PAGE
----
What are the mechanisms of bariatric surgery and how do they affect bone health?

In general, there are 3 established procedures for dramatic weight loss: laparoscopic adjustable gastric banding, laparoscopic sleeve gastrectomy, and laparoscopic Roux-en-Y gastric bypass. The first procedure is purely restrictive; however, the other 2 procedures combine restrictive and malabsorptive mechanisms of action.

Sleeve gastrectomy resects a significant part of the gastric fundus where ghrelin production is dramatically reduced, which, in turn, induces the action of appetite-regulating hormones.1 In Roux-en-Y gastric bypass, the digestive tract is rearranged, which causes changes in the production and secretion of neuroendocrine and gastrointestinal hormones (and leads to metabolic effects).

Both malabsorptive procedures are associated with a greater increase in bone turnover markers (in favor of increased bone resorption); also, losses in bone mineral density profoundly increase skeletal fragility. In fact, studies show that malabsorptive weight loss procedures were associated with increased risk for fracture, whereas there was no such association found with weight loss procedures such as gastric banding that were only restrictive in nature.1

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What are the consequences of bariatric surgery?

The primary consequence of bariatric surgery that poses a major risk to a rheumatic population is its deleterious effects on bone. As discussed, malabsorptive procedures cause hormonal adaptations and changes in body composition that result in a more fragile musculoskeletal system.

Another consequence of bariatric surgery that affects the musculoskeletal system is acute gout flare, which may be triggered by large changes in serum uric acid levels. In addition, early studies on bariatric procedures have associated various arthritic syndromes and rare joint and skin conditions with circulating immune complexes along with bacterial overgrowth and other byproducts from the resected bowel.1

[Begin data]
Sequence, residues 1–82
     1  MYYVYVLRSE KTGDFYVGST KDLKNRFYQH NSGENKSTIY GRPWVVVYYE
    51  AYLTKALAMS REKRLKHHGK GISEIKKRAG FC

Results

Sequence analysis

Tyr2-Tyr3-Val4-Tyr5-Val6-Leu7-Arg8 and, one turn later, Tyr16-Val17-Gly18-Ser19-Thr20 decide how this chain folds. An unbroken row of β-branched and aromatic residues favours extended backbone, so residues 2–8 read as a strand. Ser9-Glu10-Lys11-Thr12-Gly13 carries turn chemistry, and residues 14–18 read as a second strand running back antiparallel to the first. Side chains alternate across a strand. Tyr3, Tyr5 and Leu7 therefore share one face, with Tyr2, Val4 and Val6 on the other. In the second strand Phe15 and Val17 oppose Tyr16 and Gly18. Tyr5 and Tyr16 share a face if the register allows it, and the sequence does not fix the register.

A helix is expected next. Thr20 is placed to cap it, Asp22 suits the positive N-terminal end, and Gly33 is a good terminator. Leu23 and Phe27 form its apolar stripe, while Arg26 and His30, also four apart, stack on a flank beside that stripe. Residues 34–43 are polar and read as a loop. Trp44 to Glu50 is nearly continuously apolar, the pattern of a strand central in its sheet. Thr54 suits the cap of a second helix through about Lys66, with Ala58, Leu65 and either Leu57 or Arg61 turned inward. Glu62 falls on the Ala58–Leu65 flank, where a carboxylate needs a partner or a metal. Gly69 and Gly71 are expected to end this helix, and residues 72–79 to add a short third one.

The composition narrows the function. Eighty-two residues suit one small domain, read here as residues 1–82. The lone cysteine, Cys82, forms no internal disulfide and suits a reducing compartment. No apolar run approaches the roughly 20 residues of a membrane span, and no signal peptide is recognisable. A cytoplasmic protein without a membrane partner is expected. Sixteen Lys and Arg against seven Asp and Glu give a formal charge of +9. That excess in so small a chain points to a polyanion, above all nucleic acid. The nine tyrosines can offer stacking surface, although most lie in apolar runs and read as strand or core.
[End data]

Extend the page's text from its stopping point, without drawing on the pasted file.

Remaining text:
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How is weight loss indicated in disease management?

Body mass index is a theoretically modifiable risk factor. While obesity is associated with worse rheumatic disease outcomes, excess weight loss has been indicated to improve the ability of an individual to respond to treatment. This was demonstrated in a study linking obesity in early rheumatoid arthritis with decreased likelihood of achieving disease control: the response rate to anti-tumor necrosis factor was much lower among obese patients than those at a normal weight.1

Weight loss has often been indicated for the management of a number of conditions. For example, losing weight can reduce uricemia levels and the incidence of gouty arthritis. In a study of patients with lupus and obesity, 42% of patients were able to decrease the number of immunosuppressive drugs they were taking and 19.3% were able to stop glucocorticoid therapy.1

Can bariatric surgery improve rheumatic diseases?

Labeling bariatric surgery as a “metabolic procedure” is thoroughly appropriate as these interventions can result in the improvement of metabolic parameters, including those of rheumatic conditions, eg, modifying hyperuricemia. However, if bariatric surgery is recommended, healthcare professionals should weigh its negative impact on bone health — and on a deeper level, the complications that occur when metabolic changes intersect with musculoskeletal function.

For individuals with morbid obesity and chronic comorbid conditions, excess weight loss can benefit overall health. But for rheumatoid conditions, awareness of the impact of bariatric surgery on musculoskeletal integrity is a crucial consideration. Understanding the appropriateness of the procedure (less malabsorptive and more restrictive) and aggressive supplementation with calcium and vitamin D may be valuable for improving clinical outcomes.4

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  1. Lespessailles E, Hammoud E, Toumi H, Ibrahim-Nasser N. Consequences of bariatric surgery on outcomes in rheumatic diseases. Arthritis Res Ther. 2019;21:83.
  2. Nikiphorou E, Fragoulis GE. Inflammation, obesity, and rheumatic disease: common mechanistic links. A narrative review. Ther Adv Musculoskelet Dis. 2018;10(8):157-167.
  3. Shi YC, Baldock PA. Central and peripheral mechanisms of the NPY system in the regulation of bone and adipose tissue. Bone. 2012;50(2):430-436.
  4. Dimitriadis GK, Randeva MS, Miras AD. Potential hormone mechanisms of bariatric surgery. Curr Obes Rep. 2017;6(3):253-265.

This article originally appeared on Rheumatology Advisor